The Mysteries of London, a penny dreadful was begun by Reynolds in 1844 and he the first two series of this long-running narrative of life in mid-nineteenth century London. Thomas Miller wrote the third series and Edward L. Blanchard the fourth series of this immensely popular title. Instalments were published weekly with a single illustration and eight pages of text printed in double columns and later bound together as single volumes. See, Carver, S.J., ‘The wrongs and crimes of the poor: the urban underworld of The Mysteries of London in context’, in Humpherys, Anne and James, Louis, (eds.), G.W.M. Reynolds: nineteenth-century fiction, politics, and the press, (Ashgate), 2008, 149-162.
 Les Mystères de Paris, a feulliton or French newspaper serial, was one of the most influential novels of the nineteenth century. While it is little known today, when it first ran as a weekly serial it outsold Alexandre Dumas pere’s The Count of Monte Cristo, and was praised by Victor Hugo, who called its author, Eugène Sue, the ‘Dickens of Paris.’ An English translation was published in three volumes in 1844. See, Maxwell, Richard, ‘G.M. Reynolds, Dickens and the Mysteries of London’, Nineteenth Century Fiction, Vol. 32, (2), (1977), pp. 188-213.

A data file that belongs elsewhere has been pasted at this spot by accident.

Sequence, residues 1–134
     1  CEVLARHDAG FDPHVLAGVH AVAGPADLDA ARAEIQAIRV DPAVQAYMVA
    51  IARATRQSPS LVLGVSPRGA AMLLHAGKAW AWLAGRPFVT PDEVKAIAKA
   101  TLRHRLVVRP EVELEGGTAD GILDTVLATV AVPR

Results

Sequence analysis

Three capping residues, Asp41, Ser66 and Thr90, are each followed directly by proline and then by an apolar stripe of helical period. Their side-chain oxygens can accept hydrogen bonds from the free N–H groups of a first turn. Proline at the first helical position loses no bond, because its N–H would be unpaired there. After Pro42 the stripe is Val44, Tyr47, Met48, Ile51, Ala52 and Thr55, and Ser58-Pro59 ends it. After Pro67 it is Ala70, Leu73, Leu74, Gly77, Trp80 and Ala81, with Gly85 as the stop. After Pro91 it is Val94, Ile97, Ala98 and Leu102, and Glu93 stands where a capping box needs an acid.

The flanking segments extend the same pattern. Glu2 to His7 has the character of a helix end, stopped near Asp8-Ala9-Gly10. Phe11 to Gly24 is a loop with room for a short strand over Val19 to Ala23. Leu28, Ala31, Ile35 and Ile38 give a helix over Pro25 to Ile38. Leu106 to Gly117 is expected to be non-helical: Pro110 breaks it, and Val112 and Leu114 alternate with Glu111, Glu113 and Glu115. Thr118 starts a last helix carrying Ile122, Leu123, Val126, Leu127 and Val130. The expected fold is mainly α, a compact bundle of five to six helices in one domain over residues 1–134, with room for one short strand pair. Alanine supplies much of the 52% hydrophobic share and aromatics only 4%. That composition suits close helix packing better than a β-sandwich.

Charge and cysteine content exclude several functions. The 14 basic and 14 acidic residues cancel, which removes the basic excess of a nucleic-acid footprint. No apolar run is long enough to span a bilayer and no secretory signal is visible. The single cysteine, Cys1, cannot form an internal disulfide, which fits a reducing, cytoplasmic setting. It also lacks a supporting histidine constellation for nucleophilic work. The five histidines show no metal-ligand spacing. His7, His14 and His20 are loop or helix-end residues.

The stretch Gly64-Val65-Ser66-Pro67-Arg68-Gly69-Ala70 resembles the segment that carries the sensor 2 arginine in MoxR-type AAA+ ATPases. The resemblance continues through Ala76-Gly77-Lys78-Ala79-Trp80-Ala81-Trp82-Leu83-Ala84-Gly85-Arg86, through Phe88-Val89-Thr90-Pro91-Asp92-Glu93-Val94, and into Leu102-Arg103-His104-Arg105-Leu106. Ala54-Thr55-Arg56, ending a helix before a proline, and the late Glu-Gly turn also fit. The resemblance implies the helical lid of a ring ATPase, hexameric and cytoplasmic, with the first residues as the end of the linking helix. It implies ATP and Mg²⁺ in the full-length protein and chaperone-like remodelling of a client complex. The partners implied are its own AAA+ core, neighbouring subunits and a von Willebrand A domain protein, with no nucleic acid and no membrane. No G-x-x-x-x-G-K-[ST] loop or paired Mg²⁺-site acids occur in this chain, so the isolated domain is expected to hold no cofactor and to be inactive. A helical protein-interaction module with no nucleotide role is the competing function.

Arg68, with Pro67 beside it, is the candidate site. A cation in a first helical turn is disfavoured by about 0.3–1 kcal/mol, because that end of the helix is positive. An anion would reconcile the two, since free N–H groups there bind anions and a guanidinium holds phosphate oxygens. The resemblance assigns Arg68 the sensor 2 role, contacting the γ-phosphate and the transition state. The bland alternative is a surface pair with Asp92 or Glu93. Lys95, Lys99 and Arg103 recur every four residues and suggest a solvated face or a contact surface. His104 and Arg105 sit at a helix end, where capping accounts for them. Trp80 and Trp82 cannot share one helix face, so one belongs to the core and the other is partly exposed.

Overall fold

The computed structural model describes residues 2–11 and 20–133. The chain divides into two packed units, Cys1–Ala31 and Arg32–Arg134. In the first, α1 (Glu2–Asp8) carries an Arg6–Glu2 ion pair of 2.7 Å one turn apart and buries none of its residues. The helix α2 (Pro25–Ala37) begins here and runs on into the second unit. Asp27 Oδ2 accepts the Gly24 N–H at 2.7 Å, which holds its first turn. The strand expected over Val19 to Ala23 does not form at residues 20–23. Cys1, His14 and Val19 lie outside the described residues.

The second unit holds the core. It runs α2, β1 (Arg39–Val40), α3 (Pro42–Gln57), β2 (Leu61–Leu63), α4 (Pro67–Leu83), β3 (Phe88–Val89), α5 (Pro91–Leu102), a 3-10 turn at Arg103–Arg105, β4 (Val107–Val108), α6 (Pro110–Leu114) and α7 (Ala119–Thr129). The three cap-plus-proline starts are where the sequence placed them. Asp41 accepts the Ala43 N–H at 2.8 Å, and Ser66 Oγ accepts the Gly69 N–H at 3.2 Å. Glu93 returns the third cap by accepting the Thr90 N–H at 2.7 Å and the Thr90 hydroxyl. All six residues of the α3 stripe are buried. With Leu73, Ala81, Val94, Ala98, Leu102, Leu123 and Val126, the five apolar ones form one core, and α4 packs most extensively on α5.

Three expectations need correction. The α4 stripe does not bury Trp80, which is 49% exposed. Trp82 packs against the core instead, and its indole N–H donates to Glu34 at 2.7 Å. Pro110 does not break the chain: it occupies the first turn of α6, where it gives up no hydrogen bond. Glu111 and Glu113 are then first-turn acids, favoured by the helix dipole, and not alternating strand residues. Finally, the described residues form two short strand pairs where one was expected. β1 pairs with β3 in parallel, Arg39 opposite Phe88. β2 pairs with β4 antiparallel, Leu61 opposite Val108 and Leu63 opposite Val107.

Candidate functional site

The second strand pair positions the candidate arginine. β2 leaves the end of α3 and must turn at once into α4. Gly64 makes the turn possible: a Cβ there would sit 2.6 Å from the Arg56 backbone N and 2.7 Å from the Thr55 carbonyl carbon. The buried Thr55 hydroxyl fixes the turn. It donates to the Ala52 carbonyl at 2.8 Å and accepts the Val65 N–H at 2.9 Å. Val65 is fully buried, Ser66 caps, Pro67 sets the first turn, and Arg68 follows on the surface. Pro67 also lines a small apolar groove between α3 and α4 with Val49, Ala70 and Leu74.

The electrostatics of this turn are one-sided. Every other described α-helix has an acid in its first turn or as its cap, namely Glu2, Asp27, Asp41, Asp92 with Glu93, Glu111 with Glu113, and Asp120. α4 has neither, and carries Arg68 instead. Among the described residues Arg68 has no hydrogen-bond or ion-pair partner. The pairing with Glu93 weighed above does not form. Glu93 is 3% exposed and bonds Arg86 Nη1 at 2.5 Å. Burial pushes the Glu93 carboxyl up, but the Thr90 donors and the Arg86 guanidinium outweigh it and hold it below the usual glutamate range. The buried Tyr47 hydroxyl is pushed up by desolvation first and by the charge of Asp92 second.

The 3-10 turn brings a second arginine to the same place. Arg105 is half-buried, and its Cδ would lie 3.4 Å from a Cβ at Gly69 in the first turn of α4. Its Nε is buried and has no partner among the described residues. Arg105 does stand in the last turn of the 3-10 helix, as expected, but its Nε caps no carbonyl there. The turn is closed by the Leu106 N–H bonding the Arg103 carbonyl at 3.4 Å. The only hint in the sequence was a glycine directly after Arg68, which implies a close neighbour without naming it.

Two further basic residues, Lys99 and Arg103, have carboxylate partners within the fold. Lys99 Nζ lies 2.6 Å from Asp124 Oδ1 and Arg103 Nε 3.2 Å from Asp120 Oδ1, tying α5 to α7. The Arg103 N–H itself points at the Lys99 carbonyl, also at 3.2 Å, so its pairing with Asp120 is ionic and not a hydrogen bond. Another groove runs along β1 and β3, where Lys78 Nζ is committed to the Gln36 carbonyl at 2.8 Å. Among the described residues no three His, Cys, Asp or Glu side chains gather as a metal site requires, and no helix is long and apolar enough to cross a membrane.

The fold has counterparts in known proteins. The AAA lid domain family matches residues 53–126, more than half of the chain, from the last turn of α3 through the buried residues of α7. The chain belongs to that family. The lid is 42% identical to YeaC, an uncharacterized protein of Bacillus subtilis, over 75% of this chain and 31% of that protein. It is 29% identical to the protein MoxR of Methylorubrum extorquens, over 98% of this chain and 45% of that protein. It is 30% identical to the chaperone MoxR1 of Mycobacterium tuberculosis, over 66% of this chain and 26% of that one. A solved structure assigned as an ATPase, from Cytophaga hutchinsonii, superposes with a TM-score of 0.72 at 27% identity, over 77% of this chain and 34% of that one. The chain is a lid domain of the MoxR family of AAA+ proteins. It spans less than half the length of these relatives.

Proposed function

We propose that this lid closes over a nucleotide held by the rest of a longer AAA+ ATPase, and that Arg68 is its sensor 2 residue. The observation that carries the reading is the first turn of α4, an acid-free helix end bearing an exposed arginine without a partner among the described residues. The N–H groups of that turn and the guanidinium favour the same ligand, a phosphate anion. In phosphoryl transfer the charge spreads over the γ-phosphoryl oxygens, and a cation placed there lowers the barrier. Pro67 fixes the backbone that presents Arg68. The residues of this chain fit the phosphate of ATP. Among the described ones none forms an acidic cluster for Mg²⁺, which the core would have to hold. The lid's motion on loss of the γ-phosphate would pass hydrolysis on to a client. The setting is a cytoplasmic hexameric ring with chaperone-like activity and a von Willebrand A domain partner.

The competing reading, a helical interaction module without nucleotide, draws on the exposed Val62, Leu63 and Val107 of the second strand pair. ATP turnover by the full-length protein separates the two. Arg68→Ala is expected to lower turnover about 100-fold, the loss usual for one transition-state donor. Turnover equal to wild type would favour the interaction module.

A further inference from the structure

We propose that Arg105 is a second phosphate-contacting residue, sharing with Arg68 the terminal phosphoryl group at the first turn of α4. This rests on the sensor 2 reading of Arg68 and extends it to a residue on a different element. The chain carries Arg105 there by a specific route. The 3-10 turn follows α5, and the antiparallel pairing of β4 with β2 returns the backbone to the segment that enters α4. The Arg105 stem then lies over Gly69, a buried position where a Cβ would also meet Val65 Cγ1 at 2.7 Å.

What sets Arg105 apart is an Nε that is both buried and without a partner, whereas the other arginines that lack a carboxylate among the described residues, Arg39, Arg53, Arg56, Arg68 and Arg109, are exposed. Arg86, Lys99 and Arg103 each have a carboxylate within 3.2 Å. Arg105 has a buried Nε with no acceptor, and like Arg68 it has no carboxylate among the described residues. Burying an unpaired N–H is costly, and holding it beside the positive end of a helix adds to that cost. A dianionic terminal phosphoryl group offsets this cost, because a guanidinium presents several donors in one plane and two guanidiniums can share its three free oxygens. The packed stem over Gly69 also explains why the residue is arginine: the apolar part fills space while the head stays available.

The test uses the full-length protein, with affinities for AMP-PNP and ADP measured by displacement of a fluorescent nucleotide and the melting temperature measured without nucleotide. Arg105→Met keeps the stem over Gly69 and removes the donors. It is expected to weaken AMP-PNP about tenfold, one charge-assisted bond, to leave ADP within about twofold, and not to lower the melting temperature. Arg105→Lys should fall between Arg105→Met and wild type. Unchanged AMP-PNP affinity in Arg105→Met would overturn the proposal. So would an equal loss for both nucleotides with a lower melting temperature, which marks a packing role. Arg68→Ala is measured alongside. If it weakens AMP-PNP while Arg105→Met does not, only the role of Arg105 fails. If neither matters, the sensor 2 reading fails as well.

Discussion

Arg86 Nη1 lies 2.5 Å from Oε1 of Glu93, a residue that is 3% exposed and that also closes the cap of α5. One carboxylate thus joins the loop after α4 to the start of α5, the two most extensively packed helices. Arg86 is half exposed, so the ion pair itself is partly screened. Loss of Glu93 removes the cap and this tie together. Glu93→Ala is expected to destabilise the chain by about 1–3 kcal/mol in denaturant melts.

Angelo, Michael, Penny Dreadfuls and Other Victorian Horrors, (Jupiter), 1977, pp. 80-81. See also, Maxwell, Richard, The Mysteries of Paris and London, (University of Virginia Press), 1992, pp. 1-58.
 Ibid, Mayhew, Henry, London Labour and the London Poor: The Condition and Earnings of Those that will work, cannot work, and will not work, Vol. I, p. 3. See also, Beier, A.L., ‘Identity, Language, and Resistance in the Making of the Victorian “Criminal Class”: Mayhew’s Convict Revisited’, Journal of British Studies, Vol. 44, (2005), pp. 499-515 and Englander, David, ‘Henry Mayhew and the Criminal Classes of Victorian England: The Case Reopened’, Criminal Justice History, Vol. 17, (2002), pp. 87-108.
 See also, Henry Mayhew and Binny, John, The criminal prisons of London, and scenes of prison life, (Griffin, Bohn, and Co.), 1862, Englander, David, ‘Henry Mayhew and the Criminal Classes of Victorian England: The Case Reopened’, Criminal Justice History, Vol. 17, (2002), pp. 87-108 and Beier, A.L., ‘Identity, Language, and Resistance in the Making of the Victorian “Criminal Class”: Mayhew’s Convict Revisited’, Journal of British Studies, Vol. 44, (2005), pp. 499-515.